Can You Prove It?

IMC can. Technology and processes I saw during my visit proved to me that they are still living up to their motto that if you take care of your customers and give them the best products at an affordable price, you’re going to do well.

 

International Mold Corporation (IMC), a Clinton Township, Michigan-based prototype and low-volume production mold builder, has taken over an industrial park with six existing plants—focused on machining, prototyping, tryout, injection molding, blow molding and assembly—and is establishing a new location down south that will mimic its Michigan operational model. The technology and processes I saw during my visit help the shop live up to its motto: If you take care of your customers and give them the best products at an affordable price, you’re going to do well.  We are here to prove it!”

When you hit the floors of the various plants you see quite an assortment of technology, but a few stand out.  One piece of equipment I don’t often see in a mold shop is waterjet technology, yet IMC has a Wardjet waterjet machine for its manifold and ejector plate work. It provides drilling and tapping on one machine. Having this technology in-house has opened up a service business for them. A six-axis Makino machine has been added to Plant 1, which is capable of machining instrument panel and fascia size tooling, and a five-axis gun drill is used for water lines. IMC says “it’s the closest thing to conformal cooling”.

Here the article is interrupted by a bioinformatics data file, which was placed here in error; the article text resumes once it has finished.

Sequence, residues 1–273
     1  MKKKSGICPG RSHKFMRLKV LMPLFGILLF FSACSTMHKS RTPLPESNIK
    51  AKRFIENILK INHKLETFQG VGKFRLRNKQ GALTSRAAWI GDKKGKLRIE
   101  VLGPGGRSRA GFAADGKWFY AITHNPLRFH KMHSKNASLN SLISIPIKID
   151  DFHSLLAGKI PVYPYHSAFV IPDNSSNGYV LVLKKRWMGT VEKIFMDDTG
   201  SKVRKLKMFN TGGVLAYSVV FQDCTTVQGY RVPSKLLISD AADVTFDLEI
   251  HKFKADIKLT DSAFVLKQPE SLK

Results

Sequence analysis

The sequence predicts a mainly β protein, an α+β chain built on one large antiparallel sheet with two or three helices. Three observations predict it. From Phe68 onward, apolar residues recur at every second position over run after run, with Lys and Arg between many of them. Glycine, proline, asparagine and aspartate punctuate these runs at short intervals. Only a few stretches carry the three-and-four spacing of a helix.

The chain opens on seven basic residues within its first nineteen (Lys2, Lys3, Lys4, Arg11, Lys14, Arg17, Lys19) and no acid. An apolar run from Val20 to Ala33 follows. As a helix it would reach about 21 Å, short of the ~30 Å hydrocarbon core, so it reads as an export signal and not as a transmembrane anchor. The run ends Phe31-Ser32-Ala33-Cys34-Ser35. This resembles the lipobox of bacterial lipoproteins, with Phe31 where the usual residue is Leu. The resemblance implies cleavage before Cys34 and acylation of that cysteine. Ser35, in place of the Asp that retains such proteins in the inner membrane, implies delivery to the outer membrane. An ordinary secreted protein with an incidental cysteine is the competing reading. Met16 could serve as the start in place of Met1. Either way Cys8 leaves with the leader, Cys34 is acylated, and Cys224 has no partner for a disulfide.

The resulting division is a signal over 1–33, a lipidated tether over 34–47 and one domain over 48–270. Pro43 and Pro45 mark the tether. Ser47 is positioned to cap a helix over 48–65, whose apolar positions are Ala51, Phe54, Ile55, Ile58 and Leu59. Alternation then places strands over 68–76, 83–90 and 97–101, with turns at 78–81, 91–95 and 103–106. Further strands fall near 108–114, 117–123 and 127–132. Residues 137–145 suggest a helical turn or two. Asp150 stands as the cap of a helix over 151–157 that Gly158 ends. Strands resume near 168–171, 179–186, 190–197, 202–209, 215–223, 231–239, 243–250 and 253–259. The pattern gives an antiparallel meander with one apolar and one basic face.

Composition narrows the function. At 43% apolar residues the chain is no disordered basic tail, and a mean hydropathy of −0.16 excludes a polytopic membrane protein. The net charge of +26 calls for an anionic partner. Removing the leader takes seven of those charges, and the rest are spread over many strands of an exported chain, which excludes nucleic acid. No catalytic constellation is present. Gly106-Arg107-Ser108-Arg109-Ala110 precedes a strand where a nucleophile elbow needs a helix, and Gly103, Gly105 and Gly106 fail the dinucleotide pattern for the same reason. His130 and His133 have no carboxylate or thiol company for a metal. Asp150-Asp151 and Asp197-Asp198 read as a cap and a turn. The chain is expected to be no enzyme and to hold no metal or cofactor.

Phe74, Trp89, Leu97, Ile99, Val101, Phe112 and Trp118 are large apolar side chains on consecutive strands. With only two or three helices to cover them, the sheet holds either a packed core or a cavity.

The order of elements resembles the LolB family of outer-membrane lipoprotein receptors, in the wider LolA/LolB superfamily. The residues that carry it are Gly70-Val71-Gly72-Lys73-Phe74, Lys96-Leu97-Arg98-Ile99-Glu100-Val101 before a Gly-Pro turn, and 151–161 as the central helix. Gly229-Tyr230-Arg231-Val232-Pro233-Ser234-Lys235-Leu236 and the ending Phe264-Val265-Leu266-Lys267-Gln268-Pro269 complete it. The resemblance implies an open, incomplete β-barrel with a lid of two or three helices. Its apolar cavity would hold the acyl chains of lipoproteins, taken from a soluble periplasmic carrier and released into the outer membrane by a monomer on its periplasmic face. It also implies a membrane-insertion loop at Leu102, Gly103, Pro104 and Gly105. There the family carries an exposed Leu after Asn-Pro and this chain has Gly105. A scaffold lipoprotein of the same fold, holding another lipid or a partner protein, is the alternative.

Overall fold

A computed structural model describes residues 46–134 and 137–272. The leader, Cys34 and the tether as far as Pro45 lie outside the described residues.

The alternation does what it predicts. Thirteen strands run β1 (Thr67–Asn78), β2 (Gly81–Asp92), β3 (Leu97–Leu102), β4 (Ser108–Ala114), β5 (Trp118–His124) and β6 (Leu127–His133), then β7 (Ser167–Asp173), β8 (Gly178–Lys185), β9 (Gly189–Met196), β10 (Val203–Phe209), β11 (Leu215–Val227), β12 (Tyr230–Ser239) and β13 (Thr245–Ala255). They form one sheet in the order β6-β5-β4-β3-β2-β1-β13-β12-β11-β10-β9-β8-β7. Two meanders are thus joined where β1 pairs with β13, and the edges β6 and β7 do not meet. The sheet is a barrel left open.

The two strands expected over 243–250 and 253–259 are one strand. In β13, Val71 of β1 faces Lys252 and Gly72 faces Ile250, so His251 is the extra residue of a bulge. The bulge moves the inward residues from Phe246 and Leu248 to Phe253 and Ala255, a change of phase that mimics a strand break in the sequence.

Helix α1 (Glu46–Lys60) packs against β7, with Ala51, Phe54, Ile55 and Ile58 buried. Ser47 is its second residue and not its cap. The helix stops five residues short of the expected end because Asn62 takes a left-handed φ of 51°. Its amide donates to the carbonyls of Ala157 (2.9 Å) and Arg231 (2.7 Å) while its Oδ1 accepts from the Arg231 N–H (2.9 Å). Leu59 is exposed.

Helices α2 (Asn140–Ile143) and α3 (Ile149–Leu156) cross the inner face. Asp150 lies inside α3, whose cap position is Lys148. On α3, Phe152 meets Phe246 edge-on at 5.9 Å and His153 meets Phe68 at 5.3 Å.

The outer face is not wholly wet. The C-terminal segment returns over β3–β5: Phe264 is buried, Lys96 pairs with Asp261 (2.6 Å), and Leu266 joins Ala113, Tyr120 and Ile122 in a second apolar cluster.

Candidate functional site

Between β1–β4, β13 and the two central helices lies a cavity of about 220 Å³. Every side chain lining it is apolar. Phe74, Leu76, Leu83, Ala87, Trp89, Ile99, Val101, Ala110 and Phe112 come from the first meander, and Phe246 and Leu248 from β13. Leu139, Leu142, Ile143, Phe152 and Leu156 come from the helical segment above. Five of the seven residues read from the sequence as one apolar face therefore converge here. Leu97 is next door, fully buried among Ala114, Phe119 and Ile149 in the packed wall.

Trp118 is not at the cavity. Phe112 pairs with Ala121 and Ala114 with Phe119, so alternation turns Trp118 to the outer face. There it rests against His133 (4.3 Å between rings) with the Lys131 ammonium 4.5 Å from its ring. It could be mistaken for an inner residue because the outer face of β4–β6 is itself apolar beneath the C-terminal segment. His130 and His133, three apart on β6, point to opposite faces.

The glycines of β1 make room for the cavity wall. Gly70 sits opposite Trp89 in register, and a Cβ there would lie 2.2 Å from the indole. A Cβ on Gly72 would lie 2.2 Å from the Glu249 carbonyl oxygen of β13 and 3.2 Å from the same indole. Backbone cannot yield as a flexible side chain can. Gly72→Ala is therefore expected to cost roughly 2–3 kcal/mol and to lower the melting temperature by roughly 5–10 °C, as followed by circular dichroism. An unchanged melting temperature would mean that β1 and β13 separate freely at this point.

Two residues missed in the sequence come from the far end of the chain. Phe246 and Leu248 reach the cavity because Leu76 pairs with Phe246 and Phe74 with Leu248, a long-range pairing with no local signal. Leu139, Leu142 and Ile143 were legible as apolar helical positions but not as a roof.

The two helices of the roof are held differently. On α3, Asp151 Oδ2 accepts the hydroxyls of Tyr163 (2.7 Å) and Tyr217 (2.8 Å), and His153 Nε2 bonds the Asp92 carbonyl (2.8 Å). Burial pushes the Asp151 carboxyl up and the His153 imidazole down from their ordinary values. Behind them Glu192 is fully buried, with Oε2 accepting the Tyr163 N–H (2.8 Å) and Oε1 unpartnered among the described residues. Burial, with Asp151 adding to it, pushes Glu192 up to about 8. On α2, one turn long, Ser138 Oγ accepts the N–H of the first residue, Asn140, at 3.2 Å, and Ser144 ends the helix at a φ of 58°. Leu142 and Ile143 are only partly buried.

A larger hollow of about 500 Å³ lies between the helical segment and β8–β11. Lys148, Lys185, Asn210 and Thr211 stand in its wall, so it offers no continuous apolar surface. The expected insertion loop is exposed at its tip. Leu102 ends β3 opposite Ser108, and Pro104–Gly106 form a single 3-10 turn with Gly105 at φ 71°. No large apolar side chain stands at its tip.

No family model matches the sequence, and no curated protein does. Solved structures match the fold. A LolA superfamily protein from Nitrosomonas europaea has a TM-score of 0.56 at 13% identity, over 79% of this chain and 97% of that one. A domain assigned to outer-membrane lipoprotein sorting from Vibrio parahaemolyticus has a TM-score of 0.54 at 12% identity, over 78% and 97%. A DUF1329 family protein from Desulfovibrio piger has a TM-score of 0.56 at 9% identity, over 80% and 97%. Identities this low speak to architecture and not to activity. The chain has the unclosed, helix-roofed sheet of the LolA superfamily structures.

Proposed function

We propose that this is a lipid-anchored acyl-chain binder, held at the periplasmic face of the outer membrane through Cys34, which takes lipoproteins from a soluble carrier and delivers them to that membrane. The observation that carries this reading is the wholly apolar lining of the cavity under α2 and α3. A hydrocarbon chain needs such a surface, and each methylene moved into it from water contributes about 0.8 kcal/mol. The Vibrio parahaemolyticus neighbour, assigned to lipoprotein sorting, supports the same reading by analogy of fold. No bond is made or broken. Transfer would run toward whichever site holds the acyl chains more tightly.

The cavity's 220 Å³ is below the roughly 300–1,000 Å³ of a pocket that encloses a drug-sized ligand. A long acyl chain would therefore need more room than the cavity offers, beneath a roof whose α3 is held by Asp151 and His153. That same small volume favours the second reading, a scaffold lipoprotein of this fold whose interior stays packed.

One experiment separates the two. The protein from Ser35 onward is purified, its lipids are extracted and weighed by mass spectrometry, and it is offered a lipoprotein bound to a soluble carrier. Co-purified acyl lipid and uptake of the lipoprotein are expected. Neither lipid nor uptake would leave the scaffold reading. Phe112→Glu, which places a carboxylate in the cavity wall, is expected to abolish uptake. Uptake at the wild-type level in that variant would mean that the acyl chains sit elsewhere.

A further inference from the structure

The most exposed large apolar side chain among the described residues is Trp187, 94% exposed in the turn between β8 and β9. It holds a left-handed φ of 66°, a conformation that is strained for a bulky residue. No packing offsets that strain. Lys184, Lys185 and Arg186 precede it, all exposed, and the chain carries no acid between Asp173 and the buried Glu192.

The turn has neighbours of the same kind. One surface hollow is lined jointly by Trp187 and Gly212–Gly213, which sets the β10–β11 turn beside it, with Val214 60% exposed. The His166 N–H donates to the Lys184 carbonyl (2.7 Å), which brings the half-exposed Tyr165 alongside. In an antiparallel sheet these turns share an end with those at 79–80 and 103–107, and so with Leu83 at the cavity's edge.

IMC’s big differentiator is laser scanning parts immediately (within an hour) after sampling their molds.  This information is reviewed with their customers and meaningful direction can be given the same day.  Part warpage is reviewed and process changes can be made on the fly.  This is valuable “reverse engineering” information that carries into their production tooling and/or changes to any prototype tool.  

Its newest facility is Plant 7, located in Greer, South Carolina on 10.5 acres. The location was selected to provide local support to its southeastern customers, which makes up half of IMC’s customer base. For example, BMW and Honda. They also have a partnership with Clemson University International Center for Automotive Research (CUICAR) and retain an office there. The company hopes to break ground in the next month or two and anticipates the facility will open in February or March.

IMC’s 110 full-time employees help build 500 to 600 prototype, low-volume production injection molds, along with prototype and production blow molds. Seventy percent of its customers are in automotive with the rest coming from a variety of other end markets. When it comes to workforce development. They use Expert Tech for training and employees regularly cross train between plants.

You can check them out more here.

 

 

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